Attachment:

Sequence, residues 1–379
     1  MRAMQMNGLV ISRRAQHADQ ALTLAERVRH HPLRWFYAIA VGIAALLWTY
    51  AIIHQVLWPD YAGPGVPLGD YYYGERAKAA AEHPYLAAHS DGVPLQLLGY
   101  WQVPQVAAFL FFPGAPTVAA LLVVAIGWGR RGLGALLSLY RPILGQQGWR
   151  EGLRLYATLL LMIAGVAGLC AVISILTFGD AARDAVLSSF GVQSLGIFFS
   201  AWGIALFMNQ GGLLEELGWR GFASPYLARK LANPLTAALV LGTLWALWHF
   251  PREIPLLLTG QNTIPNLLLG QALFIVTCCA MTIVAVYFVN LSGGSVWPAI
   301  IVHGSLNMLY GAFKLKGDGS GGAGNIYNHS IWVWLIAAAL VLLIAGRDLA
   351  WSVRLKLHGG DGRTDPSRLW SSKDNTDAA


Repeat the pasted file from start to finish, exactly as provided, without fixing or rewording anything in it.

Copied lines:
Sequence, residues 1–379
     1  MRAMQMNGLV ISRRAQHADQ ALTLAERVRH HPLRWFYAIA VGIAALLWTY
    51  AIIHQVLWPD YAGPGVPLGD YYYGERAKAA AEHPYLAAHS DGVPLQLLGY
   101  WQVPQVAAFL FFPGAPTVAA LLVVAIGWGR RGLGALLSLY RPILGQQGWR
   151  EGLRLYATLL LMIAGVAGLC AVISILTFGD AARDAVLSSF GVQSLGIFFS
   201  AWGIALFMNQ GGLLEELGWR GFASPYLARK LANPLTAALV LGTLWALWHF
   251  PREIPLLLTG QNTIPNLLLG QALFIVTCCA MTIVAVYFVN LSGGSVWPAI
   301  IVHGSLNMLY GAFKLKGDGS GGAGNIYNHS IWVWLIAAAL VLLIAGRDLA
   351  WSVRLKLHGG DGRTDPSRLW SSKDNTDAA